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How well does solar power work in the winter? Can solar panels even make power in the cold winter months?
The short answer is YES, solar power can work quite well in the cold, dark winter months! But there are many misconceptions about how well solar power can work in the wintertime.
The long answer is a bit more nuanced, so in this post, we’re going to break down the seven biggest questions people often ask us about how well solar power works in the wintertime.
- 1. Do solar panels work in the cold?
- 2. Do solar panels work in the snow?
- 3. Does solar work with winter weather and clouds?
- 4. How does your mounting type impact solar in the winter?
- 5. How do you clear snow and ice from solar panels?
- 6. What about Grid-Tied vs. Off-Grid considerations?
- 7. What is it actually like living with solar power in the winter?
- Solar power in the winter is possible!
1. Do solar panels work in the cold?
Yes, solar panels work quite well in cold weather. Solar cells work because sunlight triggers the movement of electrons between layers within the cell’s structure. It is the LIGHT that is doing the work, not the heat. In fact, solar panels work a bit more efficiently at colder temperatures.
If you’re off-grid, cold isn’t a concern for your panels. It does, however, impact your batteries and other equipment, which we’ll cover in a little bit.
2. Do solar panels work in the snow?
If your solar panels are covered completely in snow, then no, not particularly well. But they also do register SOME energy. For the sighted, it’s a bit like being blindfolded or closing your eyes. Imagine closing your eyes outside on a sunny day – you can still perceive light coming through the skin of your eyelids, but you can’t really see anything. It’s a bit like that for our solar panels too.
We always make sure to remove snow from our panels any time they become covered, but I always like to check our charge controllers to discover how many watts our panels are “seeing” before I uncover them. Typically, our panels can generate between 5-50 watts even through the snow (quite low, but not zero). After I clear the snow with a squeegee, they’ll continue working at their regular capacity given whatever other cloud conditions might exist at the time.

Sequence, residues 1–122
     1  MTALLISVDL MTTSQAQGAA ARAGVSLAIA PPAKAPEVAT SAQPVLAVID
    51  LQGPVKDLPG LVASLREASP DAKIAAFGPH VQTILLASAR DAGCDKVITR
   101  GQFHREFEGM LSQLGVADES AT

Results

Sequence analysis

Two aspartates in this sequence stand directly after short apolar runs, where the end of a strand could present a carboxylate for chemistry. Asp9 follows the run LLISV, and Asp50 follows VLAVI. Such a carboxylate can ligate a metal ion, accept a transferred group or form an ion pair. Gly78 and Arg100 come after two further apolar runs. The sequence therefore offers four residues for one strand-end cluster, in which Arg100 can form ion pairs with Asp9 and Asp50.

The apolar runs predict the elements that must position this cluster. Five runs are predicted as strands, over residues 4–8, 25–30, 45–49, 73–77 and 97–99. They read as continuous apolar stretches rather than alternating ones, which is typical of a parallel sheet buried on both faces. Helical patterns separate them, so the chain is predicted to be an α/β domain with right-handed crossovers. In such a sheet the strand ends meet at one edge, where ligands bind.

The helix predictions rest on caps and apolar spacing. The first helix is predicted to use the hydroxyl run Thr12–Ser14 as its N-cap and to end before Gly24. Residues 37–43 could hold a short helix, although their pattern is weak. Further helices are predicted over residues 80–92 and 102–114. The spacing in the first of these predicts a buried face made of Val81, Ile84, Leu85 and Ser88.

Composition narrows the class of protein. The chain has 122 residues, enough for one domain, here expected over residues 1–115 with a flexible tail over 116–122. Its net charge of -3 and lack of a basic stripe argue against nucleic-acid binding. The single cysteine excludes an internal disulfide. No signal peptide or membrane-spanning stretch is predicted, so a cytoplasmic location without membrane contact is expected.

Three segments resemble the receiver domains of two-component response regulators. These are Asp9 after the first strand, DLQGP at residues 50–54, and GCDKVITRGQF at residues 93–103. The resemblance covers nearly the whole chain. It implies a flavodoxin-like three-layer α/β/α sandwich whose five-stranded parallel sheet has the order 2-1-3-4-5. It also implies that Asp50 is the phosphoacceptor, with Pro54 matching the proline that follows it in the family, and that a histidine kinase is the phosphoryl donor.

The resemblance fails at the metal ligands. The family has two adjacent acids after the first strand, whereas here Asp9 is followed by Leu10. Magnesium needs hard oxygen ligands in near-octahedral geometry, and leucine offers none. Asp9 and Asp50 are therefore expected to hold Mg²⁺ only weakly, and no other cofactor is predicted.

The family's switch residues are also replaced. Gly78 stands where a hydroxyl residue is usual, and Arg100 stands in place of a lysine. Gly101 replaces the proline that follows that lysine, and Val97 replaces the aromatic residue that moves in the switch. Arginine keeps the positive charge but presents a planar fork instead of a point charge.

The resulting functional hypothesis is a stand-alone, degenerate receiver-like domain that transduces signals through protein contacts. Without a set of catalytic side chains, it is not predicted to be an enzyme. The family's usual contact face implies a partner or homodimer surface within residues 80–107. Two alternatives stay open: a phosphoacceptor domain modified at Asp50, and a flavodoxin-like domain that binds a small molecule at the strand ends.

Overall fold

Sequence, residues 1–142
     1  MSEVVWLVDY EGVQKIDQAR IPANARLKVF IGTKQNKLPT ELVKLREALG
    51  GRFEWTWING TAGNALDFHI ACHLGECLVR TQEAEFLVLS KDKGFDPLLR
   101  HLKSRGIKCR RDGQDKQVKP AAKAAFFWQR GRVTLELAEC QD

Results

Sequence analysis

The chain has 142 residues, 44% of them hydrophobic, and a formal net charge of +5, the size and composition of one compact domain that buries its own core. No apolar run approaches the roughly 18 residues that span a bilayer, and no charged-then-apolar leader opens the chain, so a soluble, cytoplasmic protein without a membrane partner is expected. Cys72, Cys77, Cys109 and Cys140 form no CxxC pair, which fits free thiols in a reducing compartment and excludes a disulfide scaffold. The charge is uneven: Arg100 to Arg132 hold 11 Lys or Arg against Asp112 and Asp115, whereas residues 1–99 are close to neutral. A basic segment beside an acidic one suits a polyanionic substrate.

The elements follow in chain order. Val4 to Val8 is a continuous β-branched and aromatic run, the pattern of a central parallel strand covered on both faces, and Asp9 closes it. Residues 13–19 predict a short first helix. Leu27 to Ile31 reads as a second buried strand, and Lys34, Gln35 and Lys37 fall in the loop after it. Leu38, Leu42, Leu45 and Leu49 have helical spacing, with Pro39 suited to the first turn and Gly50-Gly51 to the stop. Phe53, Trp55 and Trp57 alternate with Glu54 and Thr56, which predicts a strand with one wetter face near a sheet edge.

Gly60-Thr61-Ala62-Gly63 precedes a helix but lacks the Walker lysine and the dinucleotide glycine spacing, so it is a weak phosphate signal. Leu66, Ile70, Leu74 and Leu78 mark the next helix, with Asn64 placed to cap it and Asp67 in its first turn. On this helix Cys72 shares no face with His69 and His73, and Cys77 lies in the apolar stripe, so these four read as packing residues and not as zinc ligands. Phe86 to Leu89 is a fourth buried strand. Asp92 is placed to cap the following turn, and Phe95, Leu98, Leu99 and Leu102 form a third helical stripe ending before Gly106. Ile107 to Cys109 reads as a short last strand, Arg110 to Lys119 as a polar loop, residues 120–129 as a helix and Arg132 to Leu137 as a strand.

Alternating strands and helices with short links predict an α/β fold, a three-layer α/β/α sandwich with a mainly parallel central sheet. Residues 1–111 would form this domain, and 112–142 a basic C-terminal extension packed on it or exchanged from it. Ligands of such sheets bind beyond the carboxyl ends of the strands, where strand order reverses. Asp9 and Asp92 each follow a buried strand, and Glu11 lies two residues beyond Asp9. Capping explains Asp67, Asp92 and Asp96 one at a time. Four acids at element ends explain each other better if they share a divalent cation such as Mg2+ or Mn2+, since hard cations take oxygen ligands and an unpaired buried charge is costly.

3. Does solar work with winter weather and clouds?
Winter weather can go beyond snow. Many days are thickly clouded, others have freezing rain, and yet others are abundantly sunny. How much sun you get and the quality of it really depends on your area’s weather patterns and latitude.
Beyond that, your power generation can be greatly impacted by how you choose to mount your solar panels.
4. How does your mounting type impact solar in the winter?
Many people choose to mount solar panels to the roof. The roof makes sense for a lot of people, but it can also be a limiter to your power production. If your roof is angled away from the track of the sun in the sky, your ability to produce power decreases quite a bit. Beyond that, you’re limited to the pitch of your roof, meaning you can’t typically tilt the panels to match the sun’s position through the seasons. It’s also difficult to clear snow from roof-mounted panels, which can be critical for off-grid homes.